On a palette as cluttered with ideas and guest stars as this, maintaining thematic focus could have, in lesser hands, been tricky.
RTJ2 is a steamroller of an album, packed with enough assonance and alliteration to school an AP English literature class.
Imagine a mirror which distorts not just the reflection, but reality itself, and you have a fair idea of the stunning legacy to which Syro triumphantly belongs.
LP1 is more than just a confident debut album. It's primordial in a way that Björk herself has often attempted but frequently short-circuited letting her cognizance get in the way.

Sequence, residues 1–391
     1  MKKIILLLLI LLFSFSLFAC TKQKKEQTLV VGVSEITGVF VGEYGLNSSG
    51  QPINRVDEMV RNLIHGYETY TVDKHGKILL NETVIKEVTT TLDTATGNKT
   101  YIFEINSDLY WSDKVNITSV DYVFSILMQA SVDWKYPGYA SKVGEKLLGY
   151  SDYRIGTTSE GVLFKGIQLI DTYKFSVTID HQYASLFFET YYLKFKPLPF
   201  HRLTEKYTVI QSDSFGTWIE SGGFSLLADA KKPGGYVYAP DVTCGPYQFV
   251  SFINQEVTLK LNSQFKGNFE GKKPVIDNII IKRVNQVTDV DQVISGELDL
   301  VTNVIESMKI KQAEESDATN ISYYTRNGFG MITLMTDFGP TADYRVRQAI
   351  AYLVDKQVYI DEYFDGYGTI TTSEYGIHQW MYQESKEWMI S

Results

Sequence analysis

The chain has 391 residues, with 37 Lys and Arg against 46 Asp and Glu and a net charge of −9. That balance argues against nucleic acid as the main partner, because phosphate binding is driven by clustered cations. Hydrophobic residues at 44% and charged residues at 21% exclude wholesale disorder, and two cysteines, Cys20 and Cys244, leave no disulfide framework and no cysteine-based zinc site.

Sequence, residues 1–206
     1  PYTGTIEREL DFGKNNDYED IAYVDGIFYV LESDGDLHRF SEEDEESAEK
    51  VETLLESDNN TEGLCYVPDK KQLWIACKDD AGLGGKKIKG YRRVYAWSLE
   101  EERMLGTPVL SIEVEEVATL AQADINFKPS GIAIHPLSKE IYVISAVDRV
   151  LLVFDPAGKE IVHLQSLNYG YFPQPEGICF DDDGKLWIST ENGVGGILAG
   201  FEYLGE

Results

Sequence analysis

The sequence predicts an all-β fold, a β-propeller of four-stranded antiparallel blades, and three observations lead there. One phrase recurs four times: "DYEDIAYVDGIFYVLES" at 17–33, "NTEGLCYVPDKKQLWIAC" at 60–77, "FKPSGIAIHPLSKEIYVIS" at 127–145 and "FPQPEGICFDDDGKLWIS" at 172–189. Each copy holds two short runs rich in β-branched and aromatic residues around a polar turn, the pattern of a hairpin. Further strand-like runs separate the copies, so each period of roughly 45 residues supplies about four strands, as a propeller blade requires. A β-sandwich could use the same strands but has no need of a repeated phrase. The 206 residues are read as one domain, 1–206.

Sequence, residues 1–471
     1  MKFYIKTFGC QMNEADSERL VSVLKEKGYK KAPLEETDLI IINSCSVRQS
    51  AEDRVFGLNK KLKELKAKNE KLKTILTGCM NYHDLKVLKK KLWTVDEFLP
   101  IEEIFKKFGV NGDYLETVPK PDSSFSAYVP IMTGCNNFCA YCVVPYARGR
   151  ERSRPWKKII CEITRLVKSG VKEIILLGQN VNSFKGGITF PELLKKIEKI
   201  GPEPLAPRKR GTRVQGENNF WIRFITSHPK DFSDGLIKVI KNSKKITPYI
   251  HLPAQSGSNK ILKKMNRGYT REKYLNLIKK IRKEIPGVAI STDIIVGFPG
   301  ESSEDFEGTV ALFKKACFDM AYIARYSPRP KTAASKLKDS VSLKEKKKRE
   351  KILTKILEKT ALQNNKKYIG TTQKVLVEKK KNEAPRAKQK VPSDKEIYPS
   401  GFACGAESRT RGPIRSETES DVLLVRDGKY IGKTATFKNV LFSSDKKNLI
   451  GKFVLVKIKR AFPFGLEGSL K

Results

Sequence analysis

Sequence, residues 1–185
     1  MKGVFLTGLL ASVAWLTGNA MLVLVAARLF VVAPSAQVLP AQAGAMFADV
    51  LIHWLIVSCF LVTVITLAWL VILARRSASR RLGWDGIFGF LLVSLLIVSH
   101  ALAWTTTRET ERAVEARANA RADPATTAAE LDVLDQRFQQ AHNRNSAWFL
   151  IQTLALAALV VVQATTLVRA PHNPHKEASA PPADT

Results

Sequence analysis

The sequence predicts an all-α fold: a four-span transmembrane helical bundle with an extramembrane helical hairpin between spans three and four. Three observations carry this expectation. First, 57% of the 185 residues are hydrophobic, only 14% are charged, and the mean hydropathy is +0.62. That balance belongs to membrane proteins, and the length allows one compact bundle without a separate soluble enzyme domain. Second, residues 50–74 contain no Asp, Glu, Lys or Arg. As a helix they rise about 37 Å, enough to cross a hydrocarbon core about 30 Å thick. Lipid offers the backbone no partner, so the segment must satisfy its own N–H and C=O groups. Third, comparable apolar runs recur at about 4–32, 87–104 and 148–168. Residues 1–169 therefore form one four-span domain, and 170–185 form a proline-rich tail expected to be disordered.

Granduciel is clearly still drawn to his rock roots, but as the gap between him and those influences widens, it become suffused with anxiety and dread, the sort of existential ambivalence that Lost in the Dream masterfully conveys with its vast distorted spaces.
Ultraviolence finds her stripping away much of the sonic, if not thematic, pretense...or at least substituting it with a new one.
Her guitar may be her primary tool for shaking up and complicating otherwise strictly defined songwriting, but Clark's voice remains the thing that defines her material, the glittering lynchpin of the glorious, ever-expanding world she's created.